Site author Richard Steane
The BioTopics website gives access to interactive resource material, developed to support the learning and teaching of Biology at a variety of levels.

Testing bacteria for sensitivity to antibiotics

Individual bacterial strains can be tested against a variety of antibiotics (or vice versa) by growing the bacteria as "lawns" on agar in the presence of different concentrations of a single antibiotic, or several different antibiotics may be tested at the same time.

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Under what circumstances might individual bacterial strains be tested against a variety of antibiotics?
> to see if a bacterium causing an infection can be controlled by a specific antibiotic/find the best one (for a particular patient)
Under what circumstances might individual antibiotics be tested against a variety of bacterial strains?
> to see if an antibiotic under development by a drug company is likely to work in a given circumstance - i.e. control a certain disease

This testing may be achieved either by either of 2 methods:
- placing antibiotic liquid into wells or ditches which have been cut into the agar (using a heat-sterilised corkborer), or
- (using heat-sterilised forceps) applying discs containing measured amounts of antibiotics, which will diffuse out.

Similar techniques can be used to compare the effectiveness of different antiseptics and disinfectants.

bacterial sensitivity testing

What is meant by the term bacterial lawn?
> an even layer of bacteria growing on the surface of /within an agar plate

The size of the zone of inhibition - in which bacteria will not grow - gives an indication of the sensitivity of the strain involved, i.e. how easily the bacterial strain will be controlled by the particular antibiotics.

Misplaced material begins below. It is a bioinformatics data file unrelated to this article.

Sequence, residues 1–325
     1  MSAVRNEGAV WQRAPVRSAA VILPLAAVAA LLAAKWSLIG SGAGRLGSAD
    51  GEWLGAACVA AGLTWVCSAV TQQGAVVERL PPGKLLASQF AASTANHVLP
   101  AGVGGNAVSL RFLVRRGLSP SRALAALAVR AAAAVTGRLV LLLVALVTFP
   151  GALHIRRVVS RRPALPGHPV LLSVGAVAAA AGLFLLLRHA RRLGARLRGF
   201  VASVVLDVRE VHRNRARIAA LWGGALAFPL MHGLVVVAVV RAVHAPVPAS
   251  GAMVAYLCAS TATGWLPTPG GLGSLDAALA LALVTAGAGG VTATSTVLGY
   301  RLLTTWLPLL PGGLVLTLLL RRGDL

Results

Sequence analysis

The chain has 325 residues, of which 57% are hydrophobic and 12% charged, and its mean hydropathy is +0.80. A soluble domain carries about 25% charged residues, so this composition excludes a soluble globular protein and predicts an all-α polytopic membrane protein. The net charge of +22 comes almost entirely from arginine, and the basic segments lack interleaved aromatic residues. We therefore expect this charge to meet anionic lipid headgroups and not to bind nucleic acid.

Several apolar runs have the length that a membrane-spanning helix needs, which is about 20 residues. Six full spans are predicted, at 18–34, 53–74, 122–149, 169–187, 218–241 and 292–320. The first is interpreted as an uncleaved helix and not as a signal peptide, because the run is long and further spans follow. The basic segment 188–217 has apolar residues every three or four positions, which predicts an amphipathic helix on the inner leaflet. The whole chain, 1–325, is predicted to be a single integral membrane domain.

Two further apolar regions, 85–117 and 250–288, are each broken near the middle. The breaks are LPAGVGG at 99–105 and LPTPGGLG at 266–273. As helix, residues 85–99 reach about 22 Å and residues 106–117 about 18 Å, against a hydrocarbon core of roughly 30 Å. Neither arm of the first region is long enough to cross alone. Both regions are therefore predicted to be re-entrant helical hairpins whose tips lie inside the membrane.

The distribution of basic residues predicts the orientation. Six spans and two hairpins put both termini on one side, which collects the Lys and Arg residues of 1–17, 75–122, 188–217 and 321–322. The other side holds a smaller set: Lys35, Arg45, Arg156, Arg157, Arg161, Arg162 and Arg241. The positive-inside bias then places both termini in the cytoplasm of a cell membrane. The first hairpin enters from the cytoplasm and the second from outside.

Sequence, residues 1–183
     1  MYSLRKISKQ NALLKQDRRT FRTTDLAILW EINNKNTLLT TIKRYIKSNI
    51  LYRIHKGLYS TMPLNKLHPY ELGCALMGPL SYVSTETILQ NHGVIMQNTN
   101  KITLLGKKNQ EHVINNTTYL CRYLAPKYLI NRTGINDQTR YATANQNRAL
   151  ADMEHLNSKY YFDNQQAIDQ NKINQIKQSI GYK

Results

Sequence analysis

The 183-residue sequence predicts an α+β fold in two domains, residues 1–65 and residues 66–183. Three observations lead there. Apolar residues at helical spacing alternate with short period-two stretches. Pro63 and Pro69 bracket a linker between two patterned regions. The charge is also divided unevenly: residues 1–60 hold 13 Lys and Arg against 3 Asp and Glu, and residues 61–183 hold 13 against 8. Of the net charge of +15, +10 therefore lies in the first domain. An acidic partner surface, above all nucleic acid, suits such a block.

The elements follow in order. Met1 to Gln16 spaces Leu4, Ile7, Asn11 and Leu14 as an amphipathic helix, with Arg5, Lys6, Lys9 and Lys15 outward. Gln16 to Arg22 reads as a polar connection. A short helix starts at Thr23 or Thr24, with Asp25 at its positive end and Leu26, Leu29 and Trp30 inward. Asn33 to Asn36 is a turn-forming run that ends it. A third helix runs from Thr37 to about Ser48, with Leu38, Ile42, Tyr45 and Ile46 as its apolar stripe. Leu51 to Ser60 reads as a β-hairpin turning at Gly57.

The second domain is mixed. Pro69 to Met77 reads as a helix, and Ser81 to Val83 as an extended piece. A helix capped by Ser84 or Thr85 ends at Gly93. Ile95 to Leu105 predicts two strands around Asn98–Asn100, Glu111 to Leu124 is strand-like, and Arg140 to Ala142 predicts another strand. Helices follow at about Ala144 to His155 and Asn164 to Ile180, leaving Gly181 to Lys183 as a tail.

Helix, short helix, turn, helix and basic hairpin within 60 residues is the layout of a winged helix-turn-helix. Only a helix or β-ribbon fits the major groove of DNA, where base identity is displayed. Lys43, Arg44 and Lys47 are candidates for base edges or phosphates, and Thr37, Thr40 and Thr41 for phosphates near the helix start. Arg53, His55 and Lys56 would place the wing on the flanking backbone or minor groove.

By measuring the diameter of these circular zones, their cross-sectional area can be calculated using the expression πr2 where r = ½ of the diameter (and π = 3.142).

In a medical context, the prescription by a doctor of an appropriate antibiotic or dose rate for a particular patient suffering from a bacterial infection may thus be confirmed from these laboratory tests.

How long would these laboratory tests take? Explain why.
> about 24 hours (or at least overnight) - to give the culture a chance to grow (or be killed!)
And there is the lag time for the delivery of the specimen to the pathology lab, and the reporting process.

This topic has connections with other units on this site:

Production of Penicillin in Industrial Fermenters (Bioreactors) - This topic used to be included in this file
Antibiotics Some basic information
Types of antibiotics Slightly more detail, covering brief historical introductions, naming key people where possible as well as chemical information on their molecular structure and mode of action, backed up with several links to interactive 3D molecule displays

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